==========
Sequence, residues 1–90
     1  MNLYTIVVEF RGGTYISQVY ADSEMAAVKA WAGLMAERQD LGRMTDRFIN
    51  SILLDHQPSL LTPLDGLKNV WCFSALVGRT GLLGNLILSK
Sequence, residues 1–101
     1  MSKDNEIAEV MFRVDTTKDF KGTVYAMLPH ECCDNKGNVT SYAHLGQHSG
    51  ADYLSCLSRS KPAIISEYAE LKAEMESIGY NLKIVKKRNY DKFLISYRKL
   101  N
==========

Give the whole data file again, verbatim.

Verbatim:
Sequence, residues 1–90
     1  MNLYTIVVEF RGGTYISQVY ADSEMAAVKA WAGLMAERQD LGRMTDRFIN
    51  SILLDHQPSL LTPLDGLKNV WCFSALVGRT GLLGNLILSK
Sequence, residues 1–101
     1  MSKDNEIAEV MFRVDTTKDF KGTVYAMLPH ECCDNKGNVT SYAHLGQHSG
    51  ADYLSCLSRS KPAIISEYAE LKAEMESIGY NLKIVKKRNY DKFLISYRKL
   101  N